Difference between revisions of "Absolute Path Traversal"

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{{Template:Attack}}
[[Category:Enviroment]]
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[[Category:Deployment]]
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==Description==
[[Category:Attack]]
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If a product expects a filename as input it is possible that it can construct an absolute path such as "/rootdir/subdir," which is then processed by the operating system to access a file or resource that is outside of a restricted path that was intended by the developer.
 
If a product expects a filename as input it is possible that it can construct an absolute path such as "/rootdir/subdir," which is then processed by the operating system to access a file or resource that is outside of a restricted path that was intended by the developer.
  
 
This is similar to path traversal but uses only "/" and not ".." to gain access.
 
This is similar to path traversal but uses only "/" and not ".." to gain access.
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More detailed information can be found on [[Path_Traversal]]
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==Examples==
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The following URLs maybe are vulnerable to this attack:
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http://testsite.com/get.php?f=list
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http://testsite.com/get.cgi?f=2
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http://testsite.com/get.asp?f=test
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A simple way to execute this attack is like this:
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http://testsite.com/get.php?f=/var/www/html/get.php
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http://testsite.com/get.cgi?f=/var/www/html/admin/get.inc
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http://testsite.com/get.asp?f=/etc/passwd
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When the web server returns information about errors in a web application, it is much easier for the attacker to guess the correct locations (e.g. path to the file with a source code, which then may be displayed).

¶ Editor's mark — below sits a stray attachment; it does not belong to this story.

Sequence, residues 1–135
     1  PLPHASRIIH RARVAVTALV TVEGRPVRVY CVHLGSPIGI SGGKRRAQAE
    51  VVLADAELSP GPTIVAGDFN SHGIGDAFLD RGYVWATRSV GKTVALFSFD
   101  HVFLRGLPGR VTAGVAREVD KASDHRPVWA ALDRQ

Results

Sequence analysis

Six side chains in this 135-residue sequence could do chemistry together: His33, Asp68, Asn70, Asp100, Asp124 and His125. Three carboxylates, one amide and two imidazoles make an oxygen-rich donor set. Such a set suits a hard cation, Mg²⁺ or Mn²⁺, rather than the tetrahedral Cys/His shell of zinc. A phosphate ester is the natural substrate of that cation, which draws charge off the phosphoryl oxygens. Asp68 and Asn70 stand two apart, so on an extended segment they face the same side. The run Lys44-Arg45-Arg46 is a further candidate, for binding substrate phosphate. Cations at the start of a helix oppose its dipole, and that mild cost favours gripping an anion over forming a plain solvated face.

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==Related Threats==
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*[[Category: Information Disclosure]]
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==Related Attacks==
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*[[Path Manipulation]]
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*[[Path Traversal]]
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*[[Resource Injection]]
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==Related Vulnerabilities==
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*[[Category:Input Validation Vulnerability]]
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==Related Countermeasures==
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*[[Category:Input Validation]]
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==Categories==
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*[[Category:Resource Manipulation]]
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[[Category:Attack]]

Revision as of 18:47, 3 September 2007

This is an Attack. To view all attacks, please see the Attack Category page.


Description

If a product expects a filename as input it is possible that it can construct an absolute path such as "/rootdir/subdir," which is then processed by the operating system to access a file or resource that is outside of a restricted path that was intended by the developer.

This is similar to path traversal but uses only "/" and not ".." to gain access. More detailed information can be found on Path_Traversal

Examples

The following URLs maybe are vulnerable to this attack:

http://testsite.com/get.php?f=list

http://testsite.com/get.cgi?f=2

http://testsite.com/get.asp?f=test


A simple way to execute this attack is like this:

http://testsite.com/get.php?f=/var/www/html/get.php

http://testsite.com/get.cgi?f=/var/www/html/admin/get.inc

http://testsite.com/get.asp?f=/etc/passwd

When the web server returns information about errors in a web application, it is much easier for the attacker to guess the correct locations (e.g. path to the file with a source code, which then may be displayed).


Related Threats


Related Attacks

Related Vulnerabilities


Related Countermeasures


Categories